Threats could be distractions in your life such as the TV, concentration levels and events that occur in your personal life. The environment that you are studying in can have a vital influence on your ability to revise effectively. Radio, TV, Computers and DVDs may be great inventions but they can invade people's privacy just as much as other people can.

Finding a quiet place to study such as a library or your bedroom away from disruption is vital. If you study at home ensure that you notify family members so that they are aware that you are revising and can keep noise levels to a minimum. Remember not to study too much as this can be counterproductive. Ensure that you get plenty of sleep (typically between 8-12 hours per day). Working on the computer before you go to bed is not recommended as this can inhibit your ability to get a good night's sleep.

Ensure that you have regular meals and have time to relax and be with your friends. Doing plenty of physical exercise is also a good idea and when you construct a revision timetable ensures that you include some kind of physical activity within your schedule. There are two types of study skills that you need to be aware of they are receptive study skills and productive study skills. Receptive skills deal with acquiring and processing new information, whereas productive skills deal with how you plan and present your own ideas based on information that you have already worked through.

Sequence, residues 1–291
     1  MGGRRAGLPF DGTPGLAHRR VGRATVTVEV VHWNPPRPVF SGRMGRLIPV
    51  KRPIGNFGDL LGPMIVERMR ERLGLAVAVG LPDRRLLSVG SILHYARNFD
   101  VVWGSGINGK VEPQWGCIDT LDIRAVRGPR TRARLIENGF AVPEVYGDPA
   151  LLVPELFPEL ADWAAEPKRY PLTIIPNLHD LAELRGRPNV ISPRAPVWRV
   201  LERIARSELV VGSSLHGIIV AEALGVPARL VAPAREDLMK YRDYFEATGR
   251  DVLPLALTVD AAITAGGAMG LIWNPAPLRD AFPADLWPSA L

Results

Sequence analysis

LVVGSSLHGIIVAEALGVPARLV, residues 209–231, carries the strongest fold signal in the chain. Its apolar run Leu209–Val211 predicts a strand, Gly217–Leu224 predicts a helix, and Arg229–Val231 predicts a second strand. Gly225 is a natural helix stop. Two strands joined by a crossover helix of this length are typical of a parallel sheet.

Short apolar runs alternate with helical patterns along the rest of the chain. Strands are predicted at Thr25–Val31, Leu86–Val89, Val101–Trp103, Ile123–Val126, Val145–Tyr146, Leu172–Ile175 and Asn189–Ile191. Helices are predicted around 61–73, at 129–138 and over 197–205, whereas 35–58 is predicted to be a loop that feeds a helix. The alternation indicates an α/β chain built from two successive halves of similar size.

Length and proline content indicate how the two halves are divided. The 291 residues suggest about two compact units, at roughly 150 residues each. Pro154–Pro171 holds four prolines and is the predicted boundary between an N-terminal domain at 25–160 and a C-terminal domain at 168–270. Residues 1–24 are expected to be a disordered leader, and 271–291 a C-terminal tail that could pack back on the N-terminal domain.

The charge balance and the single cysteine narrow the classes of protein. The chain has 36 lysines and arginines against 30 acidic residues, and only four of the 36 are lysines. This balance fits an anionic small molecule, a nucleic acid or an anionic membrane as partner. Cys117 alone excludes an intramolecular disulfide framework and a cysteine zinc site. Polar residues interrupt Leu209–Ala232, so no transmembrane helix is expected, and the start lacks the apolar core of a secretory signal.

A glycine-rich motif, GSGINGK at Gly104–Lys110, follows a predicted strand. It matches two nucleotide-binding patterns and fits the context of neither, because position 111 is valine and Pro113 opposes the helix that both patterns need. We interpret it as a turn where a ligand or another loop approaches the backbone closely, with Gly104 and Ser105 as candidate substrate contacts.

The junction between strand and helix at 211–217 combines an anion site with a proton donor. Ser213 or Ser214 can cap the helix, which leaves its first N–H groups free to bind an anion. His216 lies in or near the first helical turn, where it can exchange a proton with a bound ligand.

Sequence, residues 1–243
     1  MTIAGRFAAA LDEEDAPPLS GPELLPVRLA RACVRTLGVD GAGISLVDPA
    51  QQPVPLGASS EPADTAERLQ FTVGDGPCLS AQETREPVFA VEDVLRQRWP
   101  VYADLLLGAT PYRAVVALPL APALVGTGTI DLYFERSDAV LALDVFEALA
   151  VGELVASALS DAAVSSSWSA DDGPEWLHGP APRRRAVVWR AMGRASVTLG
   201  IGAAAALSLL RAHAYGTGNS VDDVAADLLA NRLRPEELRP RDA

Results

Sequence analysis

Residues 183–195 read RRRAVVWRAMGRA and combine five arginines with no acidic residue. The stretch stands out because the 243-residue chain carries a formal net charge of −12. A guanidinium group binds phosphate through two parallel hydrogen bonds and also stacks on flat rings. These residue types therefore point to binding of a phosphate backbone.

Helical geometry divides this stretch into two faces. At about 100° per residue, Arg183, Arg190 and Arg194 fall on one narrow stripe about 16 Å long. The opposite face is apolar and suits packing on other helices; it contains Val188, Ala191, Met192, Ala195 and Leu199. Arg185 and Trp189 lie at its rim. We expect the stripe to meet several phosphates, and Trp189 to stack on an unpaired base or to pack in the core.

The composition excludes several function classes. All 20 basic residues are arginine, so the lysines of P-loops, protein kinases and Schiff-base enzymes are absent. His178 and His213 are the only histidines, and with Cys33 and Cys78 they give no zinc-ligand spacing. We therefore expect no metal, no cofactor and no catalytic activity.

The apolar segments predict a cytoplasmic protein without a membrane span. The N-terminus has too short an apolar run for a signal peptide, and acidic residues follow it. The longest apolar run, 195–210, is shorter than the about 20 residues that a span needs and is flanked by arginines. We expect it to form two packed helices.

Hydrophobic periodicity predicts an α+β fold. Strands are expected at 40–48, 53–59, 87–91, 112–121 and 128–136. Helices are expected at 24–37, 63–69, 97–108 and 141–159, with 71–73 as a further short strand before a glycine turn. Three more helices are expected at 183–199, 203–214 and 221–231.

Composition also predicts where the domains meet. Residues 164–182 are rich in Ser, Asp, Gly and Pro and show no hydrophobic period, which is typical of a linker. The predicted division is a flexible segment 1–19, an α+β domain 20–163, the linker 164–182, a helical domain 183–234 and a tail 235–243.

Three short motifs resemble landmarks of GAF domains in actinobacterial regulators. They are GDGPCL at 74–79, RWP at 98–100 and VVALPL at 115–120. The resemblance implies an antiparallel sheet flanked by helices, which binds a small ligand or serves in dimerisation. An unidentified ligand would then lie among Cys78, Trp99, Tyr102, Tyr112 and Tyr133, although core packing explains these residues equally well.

Examples of receptive skills:
• Skimming
• Scanning
• Using abbreviations
• Making notes
• Summarising

Examples of productive skills:
• Brainstorming
• Solving problems
• Improving your memory
• Making inferences
• Empathising
• Assessing your own progress

Different subjects will of course use different types of skill. For example Mathematics will use more productive skills when revising such as practising Maths questions, where as History will require more receptive skills such as note taking.

Remember when doing a task that may seem daunting it is often best to break it up into more manageable tasks, to tackle the problem one bit at a time. Spread the units of work over a period of hours, days or weeks, depending upon the time scale. Build these sessions into your regular study plan. This skill is useful if you have to write a long assignment for your coursework, or if you need to reschedule a project over several weeks or months. Don't bore yourself to death with endless repetition. There are better ways of remembering one section of your studies when you proceed to the next. Build into your study plan regular opportunities to review your work. The aim is to renew your interest and clarify your understanding.

Problem solving skills are essential irrespective of the subject that you are studying and even if you are not studying at all. The most efficient problem solvers use techniques such as brainstorming and lateral thinking to tackle situations. These approaches give us freedom to take a new idea and see where it goes.